PORTLAND – Jurgen Klinsmann knows what to expect from Belize.
“We know them,” the U.S. national team coach said. “We know their names. We did our homework.”
As for all other observers? The Jaguars will be a surprise.
Central America's smallest nation, not even 9,000 square miles worth snuggled between Mexico and Guatemala, has never qualified for the Gold Cup. In fact, it had never won a game in the Copa Centroamericana, which serves as the qualifying process from the region.
But a 2-1 win over Nicaragua, with Deon McCaulay scoring in stoppage time, ushered the tiny nation into the most recent edition of the Gold Cup. The nation celebrated with a motorcade through Belize City to welcome the players back.
Their first opponent: the United States. Belize (312,000 per a 2010 census) has roughly a 10th the population of the USA (313.9 million), which hosts the biennial event.
One U.S. citizen will be rooting for Belize at least. Coach Ian Mort hails from Kansas and coached in the lower leagues before landing in Belize. In fact, U.S. Soccer also employs him.
“My duties include scouting the youth national teams mainly in the Development Academy program, within the U.S.,” Mort said. “It's scouting players for the youth national teams.”
On his roster, Mort can count on three professional players. The rest have part-time jobs to support themselves. Most work for the police. Two – Trevor Lennen and Lennox Castillo – are on the Dragon Squad, roughly equivalent to SWAT.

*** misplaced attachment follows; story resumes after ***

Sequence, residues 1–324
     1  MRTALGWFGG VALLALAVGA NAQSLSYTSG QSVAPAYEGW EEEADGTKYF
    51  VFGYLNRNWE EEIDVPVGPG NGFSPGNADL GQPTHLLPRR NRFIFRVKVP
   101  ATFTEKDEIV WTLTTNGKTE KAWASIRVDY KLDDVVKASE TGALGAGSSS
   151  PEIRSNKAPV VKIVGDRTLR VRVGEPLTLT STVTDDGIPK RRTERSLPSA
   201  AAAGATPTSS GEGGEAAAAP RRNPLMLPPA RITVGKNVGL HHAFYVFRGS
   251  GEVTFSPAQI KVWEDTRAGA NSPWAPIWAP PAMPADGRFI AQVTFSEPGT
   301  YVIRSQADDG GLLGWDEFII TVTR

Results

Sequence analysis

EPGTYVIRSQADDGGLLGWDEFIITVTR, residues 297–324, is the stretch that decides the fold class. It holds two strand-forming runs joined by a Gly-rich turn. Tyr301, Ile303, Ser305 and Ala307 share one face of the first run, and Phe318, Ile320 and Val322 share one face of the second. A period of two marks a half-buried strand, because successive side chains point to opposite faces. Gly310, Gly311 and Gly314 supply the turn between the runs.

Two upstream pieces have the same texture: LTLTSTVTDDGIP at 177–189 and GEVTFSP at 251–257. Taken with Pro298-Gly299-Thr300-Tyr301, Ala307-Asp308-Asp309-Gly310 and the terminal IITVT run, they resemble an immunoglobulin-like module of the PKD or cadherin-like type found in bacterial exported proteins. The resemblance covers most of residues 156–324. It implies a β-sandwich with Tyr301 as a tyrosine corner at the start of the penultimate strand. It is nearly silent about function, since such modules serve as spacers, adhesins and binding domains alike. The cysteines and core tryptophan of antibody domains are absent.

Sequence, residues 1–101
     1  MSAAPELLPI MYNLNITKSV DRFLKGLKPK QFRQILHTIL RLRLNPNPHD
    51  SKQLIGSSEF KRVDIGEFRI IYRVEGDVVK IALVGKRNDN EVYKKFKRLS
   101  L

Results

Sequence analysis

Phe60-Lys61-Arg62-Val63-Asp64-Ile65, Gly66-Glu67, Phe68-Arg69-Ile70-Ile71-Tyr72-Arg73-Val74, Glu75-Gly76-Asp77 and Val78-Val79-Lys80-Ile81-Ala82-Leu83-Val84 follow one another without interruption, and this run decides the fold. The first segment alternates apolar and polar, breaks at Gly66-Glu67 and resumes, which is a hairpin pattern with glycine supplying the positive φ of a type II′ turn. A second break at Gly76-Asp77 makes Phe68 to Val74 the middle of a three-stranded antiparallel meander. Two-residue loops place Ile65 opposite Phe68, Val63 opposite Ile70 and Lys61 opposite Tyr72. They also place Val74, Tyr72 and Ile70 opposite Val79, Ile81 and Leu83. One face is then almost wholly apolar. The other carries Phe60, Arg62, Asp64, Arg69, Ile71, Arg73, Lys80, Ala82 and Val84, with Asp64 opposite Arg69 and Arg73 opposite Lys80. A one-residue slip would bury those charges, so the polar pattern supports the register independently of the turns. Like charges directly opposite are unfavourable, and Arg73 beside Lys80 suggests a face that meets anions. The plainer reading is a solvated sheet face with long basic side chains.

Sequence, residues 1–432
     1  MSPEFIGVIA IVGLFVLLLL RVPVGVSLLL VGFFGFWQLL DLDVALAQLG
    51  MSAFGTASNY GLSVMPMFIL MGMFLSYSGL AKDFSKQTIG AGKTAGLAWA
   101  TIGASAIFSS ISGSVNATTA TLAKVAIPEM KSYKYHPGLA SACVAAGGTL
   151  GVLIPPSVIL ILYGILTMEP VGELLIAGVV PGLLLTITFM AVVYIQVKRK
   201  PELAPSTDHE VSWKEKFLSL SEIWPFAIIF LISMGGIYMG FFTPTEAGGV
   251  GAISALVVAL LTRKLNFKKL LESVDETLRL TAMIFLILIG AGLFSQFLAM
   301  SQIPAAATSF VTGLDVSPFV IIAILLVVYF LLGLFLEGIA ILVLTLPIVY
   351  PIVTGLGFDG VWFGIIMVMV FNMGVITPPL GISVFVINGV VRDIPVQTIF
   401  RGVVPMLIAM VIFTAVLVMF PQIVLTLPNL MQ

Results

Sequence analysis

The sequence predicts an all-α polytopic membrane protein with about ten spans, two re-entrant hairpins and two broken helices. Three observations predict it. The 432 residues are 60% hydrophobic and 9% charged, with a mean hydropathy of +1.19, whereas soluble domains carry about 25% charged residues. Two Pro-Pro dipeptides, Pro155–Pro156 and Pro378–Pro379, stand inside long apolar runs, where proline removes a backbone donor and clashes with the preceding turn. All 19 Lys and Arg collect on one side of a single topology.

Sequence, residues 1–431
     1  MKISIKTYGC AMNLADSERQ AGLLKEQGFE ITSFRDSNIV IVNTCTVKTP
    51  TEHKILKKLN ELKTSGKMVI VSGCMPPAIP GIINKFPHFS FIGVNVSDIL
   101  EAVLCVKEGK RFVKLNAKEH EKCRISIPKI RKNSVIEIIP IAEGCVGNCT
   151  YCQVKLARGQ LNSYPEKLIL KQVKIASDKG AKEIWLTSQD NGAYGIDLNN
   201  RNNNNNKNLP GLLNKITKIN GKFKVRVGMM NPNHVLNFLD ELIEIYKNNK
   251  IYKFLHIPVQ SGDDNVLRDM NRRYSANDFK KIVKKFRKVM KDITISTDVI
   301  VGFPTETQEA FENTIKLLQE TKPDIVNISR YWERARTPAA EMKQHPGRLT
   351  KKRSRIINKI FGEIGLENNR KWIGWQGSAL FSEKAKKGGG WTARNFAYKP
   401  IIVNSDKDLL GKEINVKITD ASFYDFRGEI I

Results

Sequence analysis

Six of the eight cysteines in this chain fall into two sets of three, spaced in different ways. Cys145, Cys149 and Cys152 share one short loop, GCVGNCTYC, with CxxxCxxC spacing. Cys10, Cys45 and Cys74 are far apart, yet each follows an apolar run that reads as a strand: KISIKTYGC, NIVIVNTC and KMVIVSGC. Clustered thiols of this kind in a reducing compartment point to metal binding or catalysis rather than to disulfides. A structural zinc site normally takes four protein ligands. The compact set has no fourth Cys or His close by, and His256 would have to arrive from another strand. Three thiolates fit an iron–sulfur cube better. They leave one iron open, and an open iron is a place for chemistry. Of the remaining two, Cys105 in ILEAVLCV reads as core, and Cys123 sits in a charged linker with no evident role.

The best-known players are Shane Orio, a goalkeeper for Marathon in Honduras, and Deon McCaulay. The Beimopan Bandits striker scored 11 goals in eight World Cup qualifiers during Belize's unsuccessful campaign for Brazil 2014. He still leads the CONCACAF region.
On Tuesday Orio and McCaulay will come up against Landon Donovan, who is the Gold Cup's all-time leading scorer with 13.
Mort was in San Diego to watch the U.S. friendly against Guatemala. Donovan scored his 50th and 51st international goals to lead the Yanks to a 6-0 win.
“We really have a lot of respect for this team we're going to play,” Mort said. “They're all top professionals. We're top amateurs.”
The team can't even cover the costs of playing in the tournament. A local telethon raised nearly $60,000, local communities hosted barbeque fundraisers and Nike donated uniforms. The team still needs about $25,000 and is accepting donations.
Another partially amateur team is giving Belize inspiration. Martinique, an overseas department of France, beat Canada 1-0 in the opening match of the 2013 Gold Cup. Fabrice Reuperne, 38, scored in stoppage time.
Belize took note.
“They watched it and I think it's important for us to see that on any given day a team from what would be considered a lower level of play can win a game,” Mort said. “We were kind of hoping to save that David versus Goliath story for when we played the U.S., but I'm happy for them. It's probably given our team more confidence.”
The lure of perhaps the biggest upset in Gold Cup history and the bond that comes from approaching a nearly insurmountable challenge spur on the Jaguars.
“The reason why we qualified and reached this point is because the group was unified. We were together, we were one family,” the 32-year-old Orio said. “There's not only one Shane. When I play I see 11 Shanes. There's not only one Elroy Smith. When I look on the field I see 11 Elroy Smiths. If I see 11 Shanes, that means that if I give the other Shane a pass, I'll give him a good pass, because I'm giving myself a pass. That's the mentality that we have.”
So what if Belize pull off the unthinkable and topple the United States in Portland? Would Mort find himself in hot water with his other employer, U.S. Soccer?
“I'm hoping to get a raise,” Mort joked.
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